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Recovering after COVID-19

It's common to have health symptoms or side effects after having COVID-19 (coronavirus).

Some people have physical problems such as extreme tiredness (fatigue) or muscle pain. Others can experience mood changes or nightmares. Some people have no symptoms or side effects at all.

Symptoms or side effects can depend on how mild or severe your illness from COVID-19 was. It can also depend on if you were in hospital or not.

Getting back to normal after COVID-19 can take some people a few months. But things usually improve over time.

Physical problems after COVID-19

Physical problems you might experience while recovering from COVID-19 include:

Mental and emotional problems after COVID-19

Mental and emotional problems you might experience while recovering from COVID-19 include:

Read advice on minding your mental health during the COVID-19 pandemic

When to get medical help

Phone your GP or hospital team if you find it difficult to cope with your symptoms. They will give you the support you need and direct you to services.

Many mental health services and organisations provide free online and phone services.

This includes:

  • online counselling and support
  • phone support
  • text support

Read more about mental health supports and services available during COVID-19

Recovery time

Suffering a severe illness and spending time in hospital can be extremely stressful.

Some people recover from COVID-19 quickly and do not need much support. Other people will need more time and help. Your recovery time could depend on the level of treatment you got in hospital.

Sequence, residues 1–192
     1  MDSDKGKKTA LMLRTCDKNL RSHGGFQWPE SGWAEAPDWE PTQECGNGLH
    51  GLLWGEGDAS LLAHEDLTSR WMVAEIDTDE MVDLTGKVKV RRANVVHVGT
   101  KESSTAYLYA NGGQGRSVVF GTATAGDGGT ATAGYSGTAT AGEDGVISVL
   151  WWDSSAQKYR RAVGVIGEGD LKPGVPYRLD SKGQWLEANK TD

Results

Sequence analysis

It can take months to fully recover. Everyone is different. It's important not to compare yourself to others.

Having good and bad days during your recovery is normal. It's OK to feel this way.

Things that might help you to feel a bit better in your recovery include:

  • talk to family, friends or your GP
  • do things you enjoy
  • rest and relax - meditation or mindfulness may help
  • be kind to yourself

No long-term evidence of immunity

Because it is a new virus, there is no long-term evidence that having COVID-19 means you are immune to getting it again.

You may still be:

  • at risk of getting re-infected
  • able to pass the infection to others

Keep following the advice on protecting yourself and others from COVID-19

Supports and services

Community support is available to help with:

  • collection and delivery of food, essential household items, fuel, and medication
  • social isolation
  • other medical or healthcare needs

Read more about community support during the COVID-19 pandemic

Mental health services providing online and phone service are available.

These include:

  • online counselling and support
  • phone support
  • text support

Read more about mental health supports and services during COVID-19

Related topics

Fatigue after COVID-19

Exercise while recovering from COVID-19

Breathlessness after COVID-19

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